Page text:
Reporter: In the mission’s container park there are three bins side-by-side. Only the Caritas bin belongs directly to a charity that is also an NGO for development. The container of HSARAH Trading is personalised: for example, with the image of the GIL Foundation.

On the bins of Arroios, less than 200 metres away, we found no indication of who the clothes are given to, but with a number of random advertising pamphlets posted on the container.

Susana Saraiva (Management Control, HSARAH Trading): We have a telephone contact available 24 hours a day. It is written on all our equipment. We may be contacted so that we can easily clarify the destination of the goods, either the GIL Foundation — we have a partnership established with GIL — or the type of assistance. We explain the type of partnership and we explain the sort of assistance.


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Charity Business: In 2015 Humana Portugal collected more than 5,000 tons of donated second-hand clothes


Reporter: The biggest national operator is Humana Portugal. In 2015 they collected 5,300 tons of donated used clothing. In a sector that is not well-regulated, the true volume of used clothes remain unknown even for the Textile and Clothes Association of Portugal.

What is the volume of this business…..?

João Costa (President, Association of Textile and Clothing Industries of Portugal): We do not know. We do not have any idea … of this information. But it is not difficult to estimate this is a business that represents some tens of millions of euros.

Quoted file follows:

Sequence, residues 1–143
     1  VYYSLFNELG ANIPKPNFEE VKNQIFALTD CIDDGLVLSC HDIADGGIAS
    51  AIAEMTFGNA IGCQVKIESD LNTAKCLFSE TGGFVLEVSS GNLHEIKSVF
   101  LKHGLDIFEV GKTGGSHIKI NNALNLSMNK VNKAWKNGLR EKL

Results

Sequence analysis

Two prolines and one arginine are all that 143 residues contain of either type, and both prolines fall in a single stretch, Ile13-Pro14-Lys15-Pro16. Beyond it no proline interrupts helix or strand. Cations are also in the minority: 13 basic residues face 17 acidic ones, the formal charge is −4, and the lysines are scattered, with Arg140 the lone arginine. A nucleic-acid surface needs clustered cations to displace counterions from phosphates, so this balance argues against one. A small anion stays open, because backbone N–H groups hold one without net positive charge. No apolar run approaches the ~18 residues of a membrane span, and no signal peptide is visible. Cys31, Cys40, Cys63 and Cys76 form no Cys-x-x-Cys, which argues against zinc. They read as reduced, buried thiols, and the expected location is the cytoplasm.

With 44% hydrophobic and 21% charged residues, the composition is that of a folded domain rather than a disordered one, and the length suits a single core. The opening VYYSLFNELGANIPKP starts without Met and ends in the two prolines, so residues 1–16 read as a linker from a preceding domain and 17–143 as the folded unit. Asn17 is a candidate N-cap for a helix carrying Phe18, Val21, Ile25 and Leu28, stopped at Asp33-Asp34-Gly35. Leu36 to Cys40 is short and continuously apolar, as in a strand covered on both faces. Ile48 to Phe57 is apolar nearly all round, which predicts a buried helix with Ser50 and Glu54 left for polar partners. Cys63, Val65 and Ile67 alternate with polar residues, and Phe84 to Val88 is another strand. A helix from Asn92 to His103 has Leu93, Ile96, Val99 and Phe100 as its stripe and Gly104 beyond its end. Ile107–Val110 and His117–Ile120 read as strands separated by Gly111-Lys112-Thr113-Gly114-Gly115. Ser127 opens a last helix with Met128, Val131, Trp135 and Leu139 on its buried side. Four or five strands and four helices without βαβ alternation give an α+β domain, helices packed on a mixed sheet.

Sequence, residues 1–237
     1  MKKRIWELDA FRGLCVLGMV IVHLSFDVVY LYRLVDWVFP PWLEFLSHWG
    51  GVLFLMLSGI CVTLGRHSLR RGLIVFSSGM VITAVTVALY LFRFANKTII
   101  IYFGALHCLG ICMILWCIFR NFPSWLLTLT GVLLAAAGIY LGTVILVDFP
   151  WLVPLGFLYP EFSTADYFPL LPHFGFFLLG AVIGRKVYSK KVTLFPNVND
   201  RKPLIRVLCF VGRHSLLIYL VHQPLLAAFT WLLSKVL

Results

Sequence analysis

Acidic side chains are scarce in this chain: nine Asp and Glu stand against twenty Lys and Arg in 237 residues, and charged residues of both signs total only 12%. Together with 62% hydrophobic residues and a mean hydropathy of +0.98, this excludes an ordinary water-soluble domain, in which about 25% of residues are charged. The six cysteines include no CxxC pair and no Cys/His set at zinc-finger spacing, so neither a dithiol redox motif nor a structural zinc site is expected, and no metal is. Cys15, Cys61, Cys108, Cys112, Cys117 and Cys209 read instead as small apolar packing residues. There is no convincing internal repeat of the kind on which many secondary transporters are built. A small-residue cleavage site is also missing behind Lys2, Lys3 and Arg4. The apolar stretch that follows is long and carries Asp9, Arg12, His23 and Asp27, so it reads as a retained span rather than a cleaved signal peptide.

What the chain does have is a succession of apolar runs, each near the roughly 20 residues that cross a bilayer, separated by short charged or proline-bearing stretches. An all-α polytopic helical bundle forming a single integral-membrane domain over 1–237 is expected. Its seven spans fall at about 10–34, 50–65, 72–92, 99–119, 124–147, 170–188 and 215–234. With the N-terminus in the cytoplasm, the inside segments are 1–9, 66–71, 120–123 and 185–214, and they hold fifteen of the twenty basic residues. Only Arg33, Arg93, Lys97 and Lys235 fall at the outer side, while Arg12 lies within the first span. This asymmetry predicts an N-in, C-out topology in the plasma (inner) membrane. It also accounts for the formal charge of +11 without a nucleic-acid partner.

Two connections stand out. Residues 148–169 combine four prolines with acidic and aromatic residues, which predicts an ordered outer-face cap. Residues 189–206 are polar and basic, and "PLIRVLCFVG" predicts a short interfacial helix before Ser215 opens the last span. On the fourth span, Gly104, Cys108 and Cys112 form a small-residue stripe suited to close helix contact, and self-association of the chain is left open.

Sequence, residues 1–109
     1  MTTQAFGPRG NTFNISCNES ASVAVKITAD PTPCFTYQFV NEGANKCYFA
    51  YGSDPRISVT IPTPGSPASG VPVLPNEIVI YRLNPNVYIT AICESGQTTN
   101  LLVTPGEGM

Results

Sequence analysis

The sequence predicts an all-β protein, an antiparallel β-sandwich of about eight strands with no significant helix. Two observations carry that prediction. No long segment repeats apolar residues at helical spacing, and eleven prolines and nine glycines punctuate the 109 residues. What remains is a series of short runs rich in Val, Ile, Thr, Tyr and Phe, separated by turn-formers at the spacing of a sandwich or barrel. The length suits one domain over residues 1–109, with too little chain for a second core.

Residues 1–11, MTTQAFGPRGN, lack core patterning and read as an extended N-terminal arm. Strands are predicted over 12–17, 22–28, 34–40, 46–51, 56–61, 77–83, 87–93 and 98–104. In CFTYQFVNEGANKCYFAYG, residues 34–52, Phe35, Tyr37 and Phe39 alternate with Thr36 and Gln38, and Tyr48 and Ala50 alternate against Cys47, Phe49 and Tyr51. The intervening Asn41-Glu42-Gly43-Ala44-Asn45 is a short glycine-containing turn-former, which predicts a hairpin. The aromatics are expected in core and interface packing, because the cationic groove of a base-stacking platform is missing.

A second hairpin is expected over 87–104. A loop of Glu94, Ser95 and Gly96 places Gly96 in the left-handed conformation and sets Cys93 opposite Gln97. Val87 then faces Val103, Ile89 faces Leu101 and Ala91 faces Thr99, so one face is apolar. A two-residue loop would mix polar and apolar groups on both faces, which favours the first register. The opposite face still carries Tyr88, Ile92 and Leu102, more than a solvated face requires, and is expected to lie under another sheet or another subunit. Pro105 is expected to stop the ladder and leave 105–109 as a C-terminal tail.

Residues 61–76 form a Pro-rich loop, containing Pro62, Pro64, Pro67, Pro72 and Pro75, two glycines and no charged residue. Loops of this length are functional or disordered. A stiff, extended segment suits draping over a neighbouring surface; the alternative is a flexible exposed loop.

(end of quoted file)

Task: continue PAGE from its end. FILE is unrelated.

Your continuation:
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Charity Business: H SARAH Trading admits confusion in the market, where regulations are lacking and the numbers unknown


Susana Saraiva: According to the relevant Portuguese laws, we may say that there is no clear direction regarding what we may …

Reporter: In terms of this business what is the real volume of wealth circulating?

Susana Saraiva: No, no.

Reporter: In this business of clothes donated by the Portuguese — all raw material for free — Humana Portugal has no publicly available report.

There is a history available regarding this activity up to 2014, and a final page dedicated to accounts. It declares receipts of €3,548,568 and expenses close to that value of €3,480,143, leaving a balance of only €68,425 Euro as profit.

Multiplying these numbers, 80% of the receipts are spent on collecting and selling the clothes and only 13%, a little more than €470,000 is invested in cooperation projects in Mozambique and Guinea Bissau. 7% is profit.

Humana statement: Humana Portugal is aware of their fiscal obligation ( . . . ) as a non-profit organisation they dedicate 100% of the available resources generated to their social projects.


Screen title
Misleading charity: used clothing donors confused by use of logos of foundations and institutes that support children


João Costa: Of course they should have their accounts clearly transparent so that everybody can see that this is not a business but clearly an activity with social objectives .

Reporter: Humana People to People is in 43 countries on 5 continents, employing 8,300 collaborators and involving 200,000 volunteers. In Portugal there are five or six entities that work in the market of used clothes involving collection bins.

Some of these activities are poorly regulated in an environment of recycling and a mission involving millions of euros.

—— THE END ——